"We surveyed several groups involved in out-of-school STEM, and the first thing we realized is the greatest need for all of us is professional development," Dunkhase said. "We're all working independently, so we're spending valuable time and resources creating STEM learning experiences and delivering similar STEM programs without having the opportunity to learn from each other and share best practices."
The group started with a couple of workshops at DuPont Pioneer in Johnston and at the World Food Prize in Des Moines that focused on sharing best practices and working with content experts to help create STEM themes. Now, the group is scaling the workshops into the six STEM regions, aligning resources, such as Click2Science and the Dimensions of Success (DoS) Planning Guide from the Pear Institute at Harvard, to provide professional development to as many different out-of-school providers across the state as possible.
"We have enough qualified and interested people in this working group, on the STEM Council and in the state of Iowa that by working together, we can improve student's attitudes toward and interest in STEM in the out-of-school learning environment," Dunkhase said. "Everything you do on the STEM Council to improve STEM in Iowa has a direct impact on children's lives. If helping improve the lives of children matters to you, this is a great way to volunteer your time and energy."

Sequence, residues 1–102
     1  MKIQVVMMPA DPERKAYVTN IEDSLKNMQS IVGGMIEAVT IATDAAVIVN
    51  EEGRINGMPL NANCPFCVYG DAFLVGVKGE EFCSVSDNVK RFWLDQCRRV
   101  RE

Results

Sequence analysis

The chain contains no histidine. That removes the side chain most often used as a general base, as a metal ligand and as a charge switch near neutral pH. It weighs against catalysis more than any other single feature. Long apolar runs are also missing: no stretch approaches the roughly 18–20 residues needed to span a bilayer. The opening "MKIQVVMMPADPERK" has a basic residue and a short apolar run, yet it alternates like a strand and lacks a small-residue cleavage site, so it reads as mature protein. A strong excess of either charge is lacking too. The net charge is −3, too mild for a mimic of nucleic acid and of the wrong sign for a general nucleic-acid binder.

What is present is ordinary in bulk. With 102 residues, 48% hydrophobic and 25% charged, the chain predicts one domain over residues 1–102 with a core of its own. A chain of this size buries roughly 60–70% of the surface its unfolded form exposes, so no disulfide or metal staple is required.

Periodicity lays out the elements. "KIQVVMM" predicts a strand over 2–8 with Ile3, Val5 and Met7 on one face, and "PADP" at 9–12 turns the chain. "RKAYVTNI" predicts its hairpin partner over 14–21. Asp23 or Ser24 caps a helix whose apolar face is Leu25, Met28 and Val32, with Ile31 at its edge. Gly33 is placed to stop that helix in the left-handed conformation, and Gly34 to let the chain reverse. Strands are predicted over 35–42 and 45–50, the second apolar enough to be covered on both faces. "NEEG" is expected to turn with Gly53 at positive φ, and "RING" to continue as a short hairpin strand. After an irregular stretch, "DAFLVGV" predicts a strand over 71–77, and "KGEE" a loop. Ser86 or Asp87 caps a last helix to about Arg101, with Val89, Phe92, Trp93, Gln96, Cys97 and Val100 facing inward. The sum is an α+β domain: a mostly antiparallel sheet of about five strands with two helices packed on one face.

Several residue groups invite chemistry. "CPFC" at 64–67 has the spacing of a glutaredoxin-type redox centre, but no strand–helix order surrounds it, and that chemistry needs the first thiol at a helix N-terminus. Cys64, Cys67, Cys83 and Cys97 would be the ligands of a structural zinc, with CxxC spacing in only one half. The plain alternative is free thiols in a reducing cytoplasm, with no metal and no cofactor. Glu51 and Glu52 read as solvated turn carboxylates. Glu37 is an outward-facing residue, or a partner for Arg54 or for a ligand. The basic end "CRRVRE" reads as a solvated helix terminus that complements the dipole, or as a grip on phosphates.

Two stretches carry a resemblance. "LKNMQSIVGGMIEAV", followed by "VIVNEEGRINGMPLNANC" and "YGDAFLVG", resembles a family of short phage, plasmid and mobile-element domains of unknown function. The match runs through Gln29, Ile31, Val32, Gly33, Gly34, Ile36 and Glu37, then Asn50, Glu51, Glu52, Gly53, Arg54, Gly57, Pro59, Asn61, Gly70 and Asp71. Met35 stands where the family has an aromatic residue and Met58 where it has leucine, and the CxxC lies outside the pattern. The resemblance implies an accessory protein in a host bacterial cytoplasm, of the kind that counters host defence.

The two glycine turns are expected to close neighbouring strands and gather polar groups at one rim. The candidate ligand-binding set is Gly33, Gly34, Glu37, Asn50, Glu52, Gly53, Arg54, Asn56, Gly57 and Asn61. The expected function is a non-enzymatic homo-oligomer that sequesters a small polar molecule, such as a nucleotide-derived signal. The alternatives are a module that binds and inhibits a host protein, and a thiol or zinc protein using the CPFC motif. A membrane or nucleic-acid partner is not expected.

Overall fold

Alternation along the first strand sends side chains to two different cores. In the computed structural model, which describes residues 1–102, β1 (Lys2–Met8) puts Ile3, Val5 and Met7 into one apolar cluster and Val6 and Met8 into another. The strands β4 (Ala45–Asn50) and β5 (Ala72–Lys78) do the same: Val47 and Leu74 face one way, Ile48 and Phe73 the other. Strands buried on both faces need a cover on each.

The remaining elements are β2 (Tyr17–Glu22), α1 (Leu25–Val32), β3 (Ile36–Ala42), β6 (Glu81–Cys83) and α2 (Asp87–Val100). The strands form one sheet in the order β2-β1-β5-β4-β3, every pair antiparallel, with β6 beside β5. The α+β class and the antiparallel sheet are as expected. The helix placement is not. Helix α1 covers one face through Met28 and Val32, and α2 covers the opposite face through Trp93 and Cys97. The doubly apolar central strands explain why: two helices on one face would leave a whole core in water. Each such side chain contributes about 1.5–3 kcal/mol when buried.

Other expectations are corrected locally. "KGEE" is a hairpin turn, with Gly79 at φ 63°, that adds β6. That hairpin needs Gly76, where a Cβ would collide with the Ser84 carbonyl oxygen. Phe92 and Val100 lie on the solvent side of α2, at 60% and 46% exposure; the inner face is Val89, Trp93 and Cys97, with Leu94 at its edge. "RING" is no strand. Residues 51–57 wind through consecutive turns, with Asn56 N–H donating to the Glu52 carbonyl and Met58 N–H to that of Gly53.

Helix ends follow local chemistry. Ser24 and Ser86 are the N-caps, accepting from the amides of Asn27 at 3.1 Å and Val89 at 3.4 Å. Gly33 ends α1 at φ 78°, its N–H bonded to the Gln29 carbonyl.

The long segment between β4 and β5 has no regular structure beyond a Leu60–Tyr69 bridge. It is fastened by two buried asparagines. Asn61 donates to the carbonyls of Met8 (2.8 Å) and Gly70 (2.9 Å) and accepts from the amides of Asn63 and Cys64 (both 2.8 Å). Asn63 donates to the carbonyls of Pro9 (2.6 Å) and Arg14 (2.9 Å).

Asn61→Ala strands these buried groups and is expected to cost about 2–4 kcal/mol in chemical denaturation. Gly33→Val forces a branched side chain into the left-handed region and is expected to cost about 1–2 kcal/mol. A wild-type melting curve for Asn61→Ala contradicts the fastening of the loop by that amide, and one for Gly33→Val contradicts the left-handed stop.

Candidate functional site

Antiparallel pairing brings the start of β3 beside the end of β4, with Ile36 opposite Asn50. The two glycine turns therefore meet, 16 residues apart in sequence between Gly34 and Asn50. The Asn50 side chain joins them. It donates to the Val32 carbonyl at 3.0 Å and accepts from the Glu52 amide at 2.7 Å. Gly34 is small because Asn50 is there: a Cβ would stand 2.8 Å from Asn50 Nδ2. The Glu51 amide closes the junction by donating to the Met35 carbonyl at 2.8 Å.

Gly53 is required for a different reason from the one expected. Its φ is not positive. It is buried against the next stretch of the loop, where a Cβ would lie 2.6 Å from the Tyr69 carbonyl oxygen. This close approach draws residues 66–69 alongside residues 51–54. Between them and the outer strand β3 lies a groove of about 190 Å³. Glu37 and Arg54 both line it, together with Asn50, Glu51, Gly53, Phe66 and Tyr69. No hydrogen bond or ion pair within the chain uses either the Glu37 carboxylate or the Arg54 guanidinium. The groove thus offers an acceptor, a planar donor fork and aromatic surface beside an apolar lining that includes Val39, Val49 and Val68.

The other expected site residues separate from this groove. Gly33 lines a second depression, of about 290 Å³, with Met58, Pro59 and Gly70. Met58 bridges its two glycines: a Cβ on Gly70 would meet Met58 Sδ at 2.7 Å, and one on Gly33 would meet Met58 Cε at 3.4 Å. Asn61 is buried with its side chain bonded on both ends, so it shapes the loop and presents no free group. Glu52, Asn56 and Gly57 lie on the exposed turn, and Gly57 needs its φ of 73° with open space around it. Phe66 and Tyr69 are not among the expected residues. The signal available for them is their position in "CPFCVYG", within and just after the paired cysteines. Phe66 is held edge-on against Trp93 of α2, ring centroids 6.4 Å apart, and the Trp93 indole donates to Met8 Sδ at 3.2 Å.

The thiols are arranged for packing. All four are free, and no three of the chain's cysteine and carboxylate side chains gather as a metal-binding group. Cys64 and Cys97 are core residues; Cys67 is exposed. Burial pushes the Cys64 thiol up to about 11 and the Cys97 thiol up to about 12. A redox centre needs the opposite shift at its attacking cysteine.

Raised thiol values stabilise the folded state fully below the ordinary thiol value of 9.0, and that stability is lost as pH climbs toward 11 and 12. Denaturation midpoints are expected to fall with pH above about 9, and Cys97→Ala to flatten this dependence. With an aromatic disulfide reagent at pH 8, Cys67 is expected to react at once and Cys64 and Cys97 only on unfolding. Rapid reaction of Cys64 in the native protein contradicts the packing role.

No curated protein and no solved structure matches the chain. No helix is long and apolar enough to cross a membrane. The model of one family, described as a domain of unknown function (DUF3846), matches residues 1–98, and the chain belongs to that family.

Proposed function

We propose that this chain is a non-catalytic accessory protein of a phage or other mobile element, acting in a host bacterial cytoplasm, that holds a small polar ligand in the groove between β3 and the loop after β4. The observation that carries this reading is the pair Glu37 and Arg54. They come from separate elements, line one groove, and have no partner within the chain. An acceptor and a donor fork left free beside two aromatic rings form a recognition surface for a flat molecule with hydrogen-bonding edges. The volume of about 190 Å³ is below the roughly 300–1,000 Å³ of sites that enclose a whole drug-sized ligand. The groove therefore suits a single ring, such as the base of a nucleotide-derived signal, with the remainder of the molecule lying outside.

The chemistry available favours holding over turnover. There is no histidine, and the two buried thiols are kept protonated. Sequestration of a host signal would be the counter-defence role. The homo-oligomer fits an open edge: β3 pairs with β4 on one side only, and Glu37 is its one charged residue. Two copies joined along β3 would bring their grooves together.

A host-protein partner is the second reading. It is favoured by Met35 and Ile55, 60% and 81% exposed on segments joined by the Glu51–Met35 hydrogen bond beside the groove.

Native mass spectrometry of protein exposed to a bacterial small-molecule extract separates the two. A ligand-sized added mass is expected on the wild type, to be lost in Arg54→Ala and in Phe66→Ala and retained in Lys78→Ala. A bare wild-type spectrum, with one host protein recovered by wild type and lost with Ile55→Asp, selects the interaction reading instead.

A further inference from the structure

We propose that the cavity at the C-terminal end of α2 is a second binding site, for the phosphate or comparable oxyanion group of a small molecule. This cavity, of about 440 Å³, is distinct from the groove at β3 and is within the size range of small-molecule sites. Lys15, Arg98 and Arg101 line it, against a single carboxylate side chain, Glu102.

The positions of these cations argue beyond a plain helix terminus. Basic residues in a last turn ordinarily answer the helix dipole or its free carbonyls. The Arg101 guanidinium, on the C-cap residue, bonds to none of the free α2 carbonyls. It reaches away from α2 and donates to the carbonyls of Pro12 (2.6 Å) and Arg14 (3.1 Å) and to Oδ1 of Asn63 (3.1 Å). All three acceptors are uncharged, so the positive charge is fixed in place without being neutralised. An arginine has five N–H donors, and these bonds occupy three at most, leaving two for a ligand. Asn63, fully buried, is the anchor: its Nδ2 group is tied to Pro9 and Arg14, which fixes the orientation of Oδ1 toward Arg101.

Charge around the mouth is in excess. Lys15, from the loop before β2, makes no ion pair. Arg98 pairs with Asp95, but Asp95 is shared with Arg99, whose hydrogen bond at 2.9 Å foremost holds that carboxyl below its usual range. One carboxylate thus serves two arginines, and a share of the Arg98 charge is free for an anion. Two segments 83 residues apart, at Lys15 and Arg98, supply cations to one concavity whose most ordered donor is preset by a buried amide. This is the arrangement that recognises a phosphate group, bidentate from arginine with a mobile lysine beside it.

The next round of the STEM ALCP workshops begin in September. For more information, visit
Members like Deb Dunkhase make the STEM Council such an effective, trailblazing organization. Thank you, Deb!

"Nothing Compares" to STEM Day at the Iowa State Fair

STEM Day at the Iowa State Fair attracted thousands of families with dozens of hands-on STEM activities, a STEM Scavenger Hunt, four STEM stage acts and a Fair-wide buzz of excitement for Iowa STEM.
Some people come for the butter cow. Some people come for the carnival rides. Yet, on the last day of the Iowa State Fair, thousands of people took a detour from the regular attractions to take part in a family-fun STEM experience on the Grand Concourse.
Thanks to 24 exhibiting organizations from across the state, STEM Day at the Fair, supported by a generous gift from Rockwell Collins, attracted thousands of people and introduced families and young Iowans to Iowa STEM and the different opportunities or careers in the state. Exhibitors offered a variety of hands-on STEM activities, making robotic hands, flying small drones, learning about plant pollination and more.